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Media typeOptical disc
CapacityTypically up to 800[citation needed] MB (up to 80 minutes audio)
Read mechanism780 nm wavelength semiconductor laser
StandardRed Book for audio
Developed byPhilips & Sony
UsageAudio with primitive visuals
Extended fromCD-DA
Extended toCD+EG

CD+G (also known as CD-G, CD+Graphics and TV-Graphics[1]) is an extension of the compact disc standard that can present low-resolution graphics alongside the audio data on the disc when played on a compatible device. CD+G discs are often used for karaoke machines, which use this functionality to present on-screen lyrics for the song contained on the disc. The CD+G specifications were published by Philips and Sony as an extension of the Red Book (CD standard) specifications.[2][1]

The first CD to be released with CD+G graphics was Eat or Be Eaten by Firesign Theatre in 1985.[3] The CD+EG is a similar format that allows for better graphics, but has very rarely been implemented in releases.[2]


The CD+G format takes advantage of the six Compact Disc subcode channels R through W (which are unused in standard Compact Disc Digital Audio), to provide 6 extra bits in CD+G for graphics information per 24 bytes of audio data. When a disc is read at normal speed, these six channels provide only 28.8 kbit/s for graphics, which is enough to provide primitive visuals but which is dwarfed by modern bitrates (for comparison see bit rate § Video).[2][a]

In the CD+G system, 16-color (4-bit) raster graphics are constructed using tiled rendering with 6×12 pixel tiles (6 pixels wide and 12 lines high). These tiles are typically font definitions for text (such as for karaoke or info about the music). But the tiles can be used in any manner that tile rending permits, such as for fragments which combine together to represent a picture, or simply for patterns to decorate the background. These tiles are displayed in the main central 288×192 pixel area which is surrounded by a 1-tile thick border (for a total raster field of 300×216 pixels). The 16 colors are defined in a color table, which can be manipulated to change the color scheme and simulate primitive animations.

Instruction Set[edit]

The main instructions for manipulating graphics are:

  • Memory Preset: Set the screen to a particular color.
  • Border Preset: Set the border of the screen to a particular color.
  • Tile Block (Normal): Load a 12x6 tile, 2 color tile and display it normally.
  • Scroll Preset: Scroll the image, filling in the new area with a color.
  • Scroll Copy: Scroll the image, rotating the bits back around.
  • Define Transparent Color: Define a specific color as being transparent.
  • Load Color Table (entries 0-7): Load in the lower 8 entries of the color table.
  • Load Color Table (entries 8-15): Load in the upper 8 entries of the color table.
  • Tile Block (XOR): Load a 12x6 tile, 2 color tile and display it using the XOR method.


Compact Disc Extended Graphics logo

Compact Disc + Extended Graphics (CD+EG, also known as CD+XG and Extended TV-Graphics[1]) is an improved variant of the Compact Disc + Graphics (CD+G) format. Like CD+G, CD+EG utilizes basic audio CD features to display text and video information in addition to the music being played. This extra data is stored in the subcode channels R-W. Very few, if any, CD+EG discs have been published.[2]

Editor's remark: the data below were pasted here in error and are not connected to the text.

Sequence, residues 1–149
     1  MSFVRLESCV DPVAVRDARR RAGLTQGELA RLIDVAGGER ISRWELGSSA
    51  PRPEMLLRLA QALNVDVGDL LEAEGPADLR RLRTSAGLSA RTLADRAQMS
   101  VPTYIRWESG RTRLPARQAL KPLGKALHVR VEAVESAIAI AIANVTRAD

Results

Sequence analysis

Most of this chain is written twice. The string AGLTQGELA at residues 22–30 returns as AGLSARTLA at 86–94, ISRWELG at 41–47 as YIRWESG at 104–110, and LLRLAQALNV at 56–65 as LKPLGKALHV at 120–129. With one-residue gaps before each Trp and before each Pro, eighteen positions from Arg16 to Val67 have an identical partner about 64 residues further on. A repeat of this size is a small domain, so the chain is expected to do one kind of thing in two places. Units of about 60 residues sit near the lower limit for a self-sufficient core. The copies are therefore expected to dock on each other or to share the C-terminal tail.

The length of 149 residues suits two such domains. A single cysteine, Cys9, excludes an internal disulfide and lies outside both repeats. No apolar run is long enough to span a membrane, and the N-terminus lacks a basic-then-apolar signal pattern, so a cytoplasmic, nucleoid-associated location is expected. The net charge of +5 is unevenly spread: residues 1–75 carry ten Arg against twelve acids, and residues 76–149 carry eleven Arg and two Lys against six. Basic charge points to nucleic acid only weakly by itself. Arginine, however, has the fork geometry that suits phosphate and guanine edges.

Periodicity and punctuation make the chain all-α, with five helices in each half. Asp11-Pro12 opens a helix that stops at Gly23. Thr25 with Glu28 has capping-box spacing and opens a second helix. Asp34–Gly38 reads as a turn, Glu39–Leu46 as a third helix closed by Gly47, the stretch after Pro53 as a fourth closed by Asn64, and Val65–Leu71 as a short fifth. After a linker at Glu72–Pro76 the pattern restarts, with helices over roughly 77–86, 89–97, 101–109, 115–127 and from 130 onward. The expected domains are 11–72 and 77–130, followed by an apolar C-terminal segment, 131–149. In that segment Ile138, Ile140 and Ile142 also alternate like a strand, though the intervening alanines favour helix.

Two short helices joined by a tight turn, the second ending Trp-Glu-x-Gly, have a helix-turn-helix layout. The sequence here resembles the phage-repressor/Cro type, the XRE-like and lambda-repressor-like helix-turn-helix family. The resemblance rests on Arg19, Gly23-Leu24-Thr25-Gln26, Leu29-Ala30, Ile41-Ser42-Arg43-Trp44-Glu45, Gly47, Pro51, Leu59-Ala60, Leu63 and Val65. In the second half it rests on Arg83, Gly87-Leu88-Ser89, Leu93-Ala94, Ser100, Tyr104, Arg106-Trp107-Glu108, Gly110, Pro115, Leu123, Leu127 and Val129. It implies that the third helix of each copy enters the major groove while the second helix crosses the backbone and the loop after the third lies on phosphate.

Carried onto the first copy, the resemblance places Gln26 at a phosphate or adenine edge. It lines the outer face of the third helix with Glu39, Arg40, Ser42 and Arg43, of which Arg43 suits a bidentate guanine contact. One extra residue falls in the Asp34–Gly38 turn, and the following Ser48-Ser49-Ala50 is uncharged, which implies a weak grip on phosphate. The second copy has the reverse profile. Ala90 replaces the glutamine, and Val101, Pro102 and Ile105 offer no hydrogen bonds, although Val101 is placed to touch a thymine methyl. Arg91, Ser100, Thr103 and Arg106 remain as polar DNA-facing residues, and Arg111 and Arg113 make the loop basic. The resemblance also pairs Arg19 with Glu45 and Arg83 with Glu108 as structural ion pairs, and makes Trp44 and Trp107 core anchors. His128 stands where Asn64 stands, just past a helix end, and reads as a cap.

• 288 pixels per line
  • 192 lines
  • up to 256 colors


Along with dedicated karaoke machines, other consumer devices that play CD+G format CDs include the NEC TurboGrafx-CD (a CD-ROM peripheral for the TurboGrafx-16) and Turbo Duo, as well as the Japan-only successor the PC-FX, the Philips CD-i, the Sega CD, Sega Saturn,[4] the JVC X'Eye, the 3DO Interactive Multiplayer, the Amiga CD32 and Commodore CDTV, and the Atari Jaguar CD (an attachment for the Atari Jaguar). Some CD-ROM drives can also read this data. Pioneer's LaserActive player can also play CD+G discs, as long as either the PAC-S1/S-10 or PAC-N1/N10 game modules are installed.

Since 2003, some standalone DVD players have supported the CD+G format. Regular audio CD players will output only the audio tracks as if it was a normal music CD, unless otherwise designed to read the extra data (lyrics and images).[5]

CD+G karaoke albums are still made today by several UK and US manufacturers including Sunfly, Zoom Entertainments, SBI Karaoke and Vocal Star. Although the popularity of CD sales are dwindling the format is still widely used as MP3+G downloads.

Notable releases[edit]

Although CD+G found its market in karaoke entertainment, some music labels were keen to experiment with the format and a number of albums were released which featured graphic images, animations and text. These special edition CD+G releases are now very rare and have become collectible items as a result. Some albums released include:

Daiichi Kosho is a former karaoke music manufacturer and their high-quality edit-a-vision range of 99 CD+Gs is still highly sought after by karaoke presenters today.

CD+G karaoke CDs are often ripped onto computer hard drives as MP3+G, with the audio encoded in the standard audio format, MP3, and the graphics encoded in a RAW format. These can then be played on computers using VLC media player, Karafun, or professionally by DJs and karaoke presenters using software such as Karma or Atomix VirtualDJ often in conjunction with a DJ controller manufactured by Pioneer, Denon, Roland or Numark.


  1. ^ The document does contain a number of errors, later discovered.


  1. ^ a b c "CD Logos". February 4, 2013.
  2. ^ a b c d "CD+G Revealed".
  3. ^ Brewer, Bryan; Key, Edd (1987). The Compact Disc Book. Harcourt Brace Jovanovich. p. 96.
  4. ^ The Watch Dog (February 1998). "Buyers Beware". GamePro. No. 113. IDG. p. 26.
  5. ^ "Will CDG play on my CD player, computer or DVD player?". All Star Karaoke. Retrieved 23 June 2020.

External links[edit]